Alabama Power, working with state conservation officials, tries to give nature a little assist when gamefish spawn.
Any good fisherman knows that small fish grow up to be big fish. Part of the rationale behind catch-and-release practices is to “throw them back and let them grow.” But before a little fish can grow into a bigger fish, an egg must turn into fry and fry must turn into fingerlings.
The spawn is an essential part of maintaining a healthy fish population and a successful spawn can make the difference later in whether fish are plentiful or scarce. A multitude of variables influencing the aquatic environment can affect when fish lay their eggs and how successfully those eggs turn into fish.
Alabama Power Company tries to give nature a little bit of an assist during the critical time when fish are spawning.
“We have, for several years, held Smith on the Warrior and Weiss and Logan Martin on the Coosa for about two weeks,” says Angie Anderegg, hydro licensing and compliance supervisor for Alabama Power. “If we can from an operational standpoint, we will hold those lakes steady or slightly rising to facilitate the fish spawning.”
State biologists keep tabs on the lakes’ water temperatures and other conditions that trigger spawning in gamefish species. When the conditions are right, they contact company officials, who restrict or increase flow to keep the lake levels stable.
At Weiss and Logan Martin lakes, the emphasis is on when crappie and black bass species, which include largemouth bass and spotted bass, are spawning. At Smith Lake, the emphasis is on the black bass species. Alabama Power also works with conservation officials at Lake Harris on the Tallapoosa River, says Mike Holley, district fisheries supervisor for the Alabama
Department of Conservation and Natural Resources Division of Wildlife and Freshwater Fisheries.
“We’re trying to hold that water stable so that doesn’t affect nest success,” Holley says.
Weiss Lake is also home to the only population of the Gulf strain of striped bass that are successfully reproducing outside of captivity. The fish run up into Weiss Lake’s headwaters in Georgia to spawn. The eggs must tumble down the river for 72 hours without sinking to the bottom to hatch, and the long stretch of water gives them that opportunity.
When water temperatures rise into the upper 50s in the spring, bass and crappie move into shallow water. Crappie look for a hard surface such as a gravel bottom or rip rap wall in three to 10 feet of water, Holley says. Spotted bass seek out similar habitat, while largemouth bass make their nests in shallower backwater. Once they stake out spawning sites, it is important that water conditions remain stable or the fish will abandon their nests.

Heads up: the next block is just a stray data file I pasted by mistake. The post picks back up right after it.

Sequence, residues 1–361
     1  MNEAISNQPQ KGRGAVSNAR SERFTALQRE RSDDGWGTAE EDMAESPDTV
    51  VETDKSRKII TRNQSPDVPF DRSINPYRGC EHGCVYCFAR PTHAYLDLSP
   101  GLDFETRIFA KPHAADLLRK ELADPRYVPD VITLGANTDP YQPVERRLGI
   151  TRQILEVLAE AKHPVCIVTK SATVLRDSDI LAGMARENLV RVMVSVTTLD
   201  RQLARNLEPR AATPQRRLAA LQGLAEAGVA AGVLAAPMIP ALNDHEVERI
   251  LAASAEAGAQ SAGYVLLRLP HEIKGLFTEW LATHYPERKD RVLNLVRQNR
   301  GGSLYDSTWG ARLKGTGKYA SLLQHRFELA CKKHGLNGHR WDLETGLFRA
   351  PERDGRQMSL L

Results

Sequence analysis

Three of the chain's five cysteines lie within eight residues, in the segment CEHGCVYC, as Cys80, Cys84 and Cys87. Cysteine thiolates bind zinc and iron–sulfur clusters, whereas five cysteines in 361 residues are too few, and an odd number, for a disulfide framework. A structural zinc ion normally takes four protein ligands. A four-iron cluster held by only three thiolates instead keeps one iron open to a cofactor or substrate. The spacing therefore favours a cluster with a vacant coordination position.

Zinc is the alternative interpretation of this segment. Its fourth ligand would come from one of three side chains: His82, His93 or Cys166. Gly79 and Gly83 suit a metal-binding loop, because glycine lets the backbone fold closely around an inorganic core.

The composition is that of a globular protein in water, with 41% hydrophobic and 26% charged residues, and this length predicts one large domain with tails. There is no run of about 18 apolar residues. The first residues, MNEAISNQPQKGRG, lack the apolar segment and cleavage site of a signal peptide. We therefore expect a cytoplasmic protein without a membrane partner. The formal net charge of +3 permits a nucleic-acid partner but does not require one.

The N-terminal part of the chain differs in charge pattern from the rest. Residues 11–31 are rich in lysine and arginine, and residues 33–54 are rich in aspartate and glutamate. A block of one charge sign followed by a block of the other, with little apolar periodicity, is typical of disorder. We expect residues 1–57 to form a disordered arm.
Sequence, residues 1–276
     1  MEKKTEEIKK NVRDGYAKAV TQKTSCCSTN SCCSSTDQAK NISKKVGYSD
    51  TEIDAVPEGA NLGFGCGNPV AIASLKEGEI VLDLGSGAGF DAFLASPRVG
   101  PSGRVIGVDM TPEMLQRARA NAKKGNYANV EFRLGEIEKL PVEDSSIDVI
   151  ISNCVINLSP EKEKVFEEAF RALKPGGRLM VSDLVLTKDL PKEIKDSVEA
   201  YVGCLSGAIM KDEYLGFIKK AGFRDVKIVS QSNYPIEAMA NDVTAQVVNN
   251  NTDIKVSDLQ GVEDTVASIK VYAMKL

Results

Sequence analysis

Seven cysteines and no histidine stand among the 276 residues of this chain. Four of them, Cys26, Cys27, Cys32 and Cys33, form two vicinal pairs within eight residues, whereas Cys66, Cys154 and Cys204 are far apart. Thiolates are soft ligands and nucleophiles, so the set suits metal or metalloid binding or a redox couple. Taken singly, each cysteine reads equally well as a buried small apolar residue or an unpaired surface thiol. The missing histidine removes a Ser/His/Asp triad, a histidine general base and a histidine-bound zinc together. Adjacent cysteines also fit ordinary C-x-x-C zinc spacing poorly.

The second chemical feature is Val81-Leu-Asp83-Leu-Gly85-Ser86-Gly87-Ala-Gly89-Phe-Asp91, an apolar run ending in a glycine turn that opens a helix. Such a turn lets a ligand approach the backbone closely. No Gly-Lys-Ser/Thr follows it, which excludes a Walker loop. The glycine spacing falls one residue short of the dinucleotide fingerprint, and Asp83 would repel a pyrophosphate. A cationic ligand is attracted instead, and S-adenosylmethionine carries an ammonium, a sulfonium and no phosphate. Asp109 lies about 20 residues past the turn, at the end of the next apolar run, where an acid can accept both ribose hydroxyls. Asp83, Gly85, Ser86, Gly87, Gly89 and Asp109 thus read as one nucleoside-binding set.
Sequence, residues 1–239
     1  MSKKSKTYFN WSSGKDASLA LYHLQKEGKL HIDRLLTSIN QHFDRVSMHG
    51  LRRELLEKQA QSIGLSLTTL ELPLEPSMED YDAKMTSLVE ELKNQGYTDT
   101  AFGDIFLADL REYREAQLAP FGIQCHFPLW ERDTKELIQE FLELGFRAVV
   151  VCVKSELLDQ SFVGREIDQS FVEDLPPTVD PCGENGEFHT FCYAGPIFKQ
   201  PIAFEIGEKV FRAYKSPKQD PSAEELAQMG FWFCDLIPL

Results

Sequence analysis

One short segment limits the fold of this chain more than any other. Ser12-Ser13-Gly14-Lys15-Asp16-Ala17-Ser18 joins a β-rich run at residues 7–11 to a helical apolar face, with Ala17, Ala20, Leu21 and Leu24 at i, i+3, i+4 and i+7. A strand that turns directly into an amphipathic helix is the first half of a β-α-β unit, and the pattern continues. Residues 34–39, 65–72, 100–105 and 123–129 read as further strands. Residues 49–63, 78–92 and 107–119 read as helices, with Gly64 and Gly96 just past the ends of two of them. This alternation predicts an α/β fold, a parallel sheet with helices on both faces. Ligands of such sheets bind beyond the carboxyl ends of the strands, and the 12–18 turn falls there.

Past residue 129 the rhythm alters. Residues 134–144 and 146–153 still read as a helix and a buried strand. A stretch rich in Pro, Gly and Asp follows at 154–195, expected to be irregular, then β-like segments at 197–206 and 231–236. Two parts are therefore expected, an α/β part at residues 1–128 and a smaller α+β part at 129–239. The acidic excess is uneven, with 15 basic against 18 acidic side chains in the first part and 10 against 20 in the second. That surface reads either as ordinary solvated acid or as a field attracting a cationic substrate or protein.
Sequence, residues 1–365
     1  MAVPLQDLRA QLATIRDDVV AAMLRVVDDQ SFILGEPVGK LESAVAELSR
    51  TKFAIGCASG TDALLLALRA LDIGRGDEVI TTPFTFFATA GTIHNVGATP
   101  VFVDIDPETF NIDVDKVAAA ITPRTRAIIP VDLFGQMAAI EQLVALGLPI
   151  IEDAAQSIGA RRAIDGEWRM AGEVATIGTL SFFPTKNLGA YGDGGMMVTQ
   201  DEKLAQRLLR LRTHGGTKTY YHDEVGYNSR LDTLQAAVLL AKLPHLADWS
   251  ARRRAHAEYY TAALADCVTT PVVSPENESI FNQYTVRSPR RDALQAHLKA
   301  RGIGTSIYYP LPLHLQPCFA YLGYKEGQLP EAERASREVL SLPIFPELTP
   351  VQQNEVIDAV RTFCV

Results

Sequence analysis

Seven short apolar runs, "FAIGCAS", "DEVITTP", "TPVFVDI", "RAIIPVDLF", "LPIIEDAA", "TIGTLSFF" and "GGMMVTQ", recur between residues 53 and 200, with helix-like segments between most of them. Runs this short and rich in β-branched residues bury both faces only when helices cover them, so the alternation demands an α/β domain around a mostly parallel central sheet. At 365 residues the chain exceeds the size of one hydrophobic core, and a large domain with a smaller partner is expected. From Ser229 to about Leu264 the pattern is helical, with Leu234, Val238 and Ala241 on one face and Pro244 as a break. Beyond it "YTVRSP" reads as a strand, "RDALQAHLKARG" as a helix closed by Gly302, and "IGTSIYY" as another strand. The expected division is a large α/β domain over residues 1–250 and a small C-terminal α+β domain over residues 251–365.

Biologists closely monitor water temperatures, watch other signs and talk to crappie and bass anglers who know the signs that are present when fish spawn. State officials usually make a request to Alabama Power to hold the water levels steady around early or mid-April.
“They’ve been very easy to work with in giving them the prime time and them following through,” Holley says.
Anderegg notes that the lakes’ flood control function is paramount.
“If we have to operate for flood control, that trumps everything,” Anderegg says. “If we get in a flood situation, we have to operate according to our flood control guidelines.”
Holley says biologists understand that flood control comes first. But
otherwise stabilizing the water level has been a real boost to fish populations.
“As long as nature allows it, it has been a good process,” Holley says.
Comparing what humans can do in a hatchery against nature illustrates why the spawn is so important. The Conservation Department releases crappie into Weiss Lake every year. The state’s hatchery can produce about 500,000 hatchlings in a season, Holley says. That production can be equaled by about 15 pairs of crappie. A mature female crappie can produce 30,000 to 350,000 eggs a year.
“Our hatcheries can’t even get close to what can be produced naturally,” Holley says. He adds that surveys indicate that fingerlings released by the state make up only about 2 percent of the total catch in Weiss Lake.
Professional crappie guide Mark Collins says there is a pattern that results in successful spawns.
“Over the years, they’ve noticed a trend that when we have wet winters and high spring water levels and hot summers, we have a good spawn,” says Collins, a guide on Weiss Lake.
The heavy rains sometimes make good spawning habitat available to the fish, Holley says. Then, the dry, hot summer weather promotes the growth of the zooplankton that crappie fry feed on.
Catching spawning crappie and bass can be difficult. Both species shut down their feeding activity when spawning begins. But some of the best fishing occurs immediately before bass and crappie spawn.
“The peak time for fishing covers about a week before the spawn,” Holley says.
Both species of fish move into the shallow water as the water temperature rises into the high 50s. They feed aggressively in anticipation of the spawn, when their feeding activity will cease or decrease.
The sunfish species — bream to Southern anglers — don’t really need help with their spawn. By the time they spawn in late April or early May, water levels have usually stabilized, Holley says.
Species like bluegills spawn multiple times during the year, usually on the full moon from April through August.
So many variables affect the spawn that it’s hard to know just how much impact stabilizing the water level has on fish populations, Holley says. But he does know that it improves the chances for a successful spawn.
“We have a really good relationship with the Department of Conservation and support them in efforts they feel benefit the fish community,” Anderegg says.